Reed’s presence proves the catalyst, and soon their gigantic machine transports a chimp to an alternative dimension, a barren place of rocks and bubbling energy, and brings the critter back safely—at which point Allen connives to bring in NASA and turn things over to the government. Reed, Johnny and Victor feel betrayed that they’ll not be the first humans to teleport, so they decide to do so unofficially, bringing along Ben as Reed’s wingman. This turns out to be a very bad idea as their decision to plant an American flag on the extra-dimensional landscape, thereby earning everlasting fame, releases a burst of energy that seems to consume Victor and sends the other three guys back home much changed: Reed has developed elastic limbs, Johnny bursts into flame, and Ben becomes a humongous rock monster. Sue, who’s thrown for a loop in the lab in the melee of their return, is endowed with the power of invisibility.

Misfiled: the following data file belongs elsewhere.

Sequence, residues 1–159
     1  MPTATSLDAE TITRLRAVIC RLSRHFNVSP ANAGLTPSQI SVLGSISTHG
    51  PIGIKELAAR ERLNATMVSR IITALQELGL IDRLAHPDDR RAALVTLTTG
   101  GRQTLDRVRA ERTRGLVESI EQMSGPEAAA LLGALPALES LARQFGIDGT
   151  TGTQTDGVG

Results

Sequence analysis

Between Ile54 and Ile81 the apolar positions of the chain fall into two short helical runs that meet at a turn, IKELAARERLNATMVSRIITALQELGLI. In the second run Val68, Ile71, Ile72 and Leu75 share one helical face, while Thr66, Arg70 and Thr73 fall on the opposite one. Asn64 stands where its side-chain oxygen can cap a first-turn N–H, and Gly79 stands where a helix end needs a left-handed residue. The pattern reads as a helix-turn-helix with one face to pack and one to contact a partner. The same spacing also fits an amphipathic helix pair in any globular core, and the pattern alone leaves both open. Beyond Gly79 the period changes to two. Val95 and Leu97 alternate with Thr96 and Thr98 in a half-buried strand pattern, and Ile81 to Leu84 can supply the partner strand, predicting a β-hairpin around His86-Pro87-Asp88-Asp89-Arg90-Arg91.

Reed escapes guinea pig confinement, but Johnny, Ben and Sue remain and a year later are being trained to employ their abilities as instruments of the military under Allen’s heavy hand. The fugitive Reed is eventually tracked down and returned as well, just in time to be part of the inauguration of a new teleporter, which sends a crew back to the alternate dimension. There they discover Victor, transformed into a grisly bundle of unearthly energy, who aims to destroy earth because—well, apparently because he’s a misanthrope. After trashing Storm’s lab he returns to his own dimension, where he gathers the power to wipe out his old planet. But our newly-minted heroes follow him there and, in a remarkably unexciting fight, finally stop trying to act alone and work in unison to defeat him by pushing him into his own billowing energy ray. Then they get their own research facility and decide to call themselves the Fantastic Four. The end.